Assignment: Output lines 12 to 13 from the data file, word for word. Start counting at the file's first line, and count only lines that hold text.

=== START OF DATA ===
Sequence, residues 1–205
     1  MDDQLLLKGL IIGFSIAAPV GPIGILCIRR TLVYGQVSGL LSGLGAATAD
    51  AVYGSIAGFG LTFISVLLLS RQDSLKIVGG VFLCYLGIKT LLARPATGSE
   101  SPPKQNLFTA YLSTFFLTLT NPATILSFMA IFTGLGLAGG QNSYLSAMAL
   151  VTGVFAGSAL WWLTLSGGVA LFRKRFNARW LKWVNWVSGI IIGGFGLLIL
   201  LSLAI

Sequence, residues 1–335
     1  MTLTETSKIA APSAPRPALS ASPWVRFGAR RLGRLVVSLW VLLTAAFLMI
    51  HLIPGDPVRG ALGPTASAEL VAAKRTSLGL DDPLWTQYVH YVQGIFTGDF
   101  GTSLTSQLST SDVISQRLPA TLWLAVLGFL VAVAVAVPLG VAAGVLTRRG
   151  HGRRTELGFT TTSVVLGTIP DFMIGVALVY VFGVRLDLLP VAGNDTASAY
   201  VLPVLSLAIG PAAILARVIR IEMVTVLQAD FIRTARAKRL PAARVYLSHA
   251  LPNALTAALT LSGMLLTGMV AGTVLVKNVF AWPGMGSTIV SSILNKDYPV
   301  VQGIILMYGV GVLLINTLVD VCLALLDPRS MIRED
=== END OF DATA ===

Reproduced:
   201  VLPVLSLAIG PAAILARVIR IEMVTVLQAD FIRTARAKRL PAARVYLSHA
   251  LPNALTAALT LSGMLLTGMV AGTVLVKNVF AWPGMGSTIV SSILNKDYPV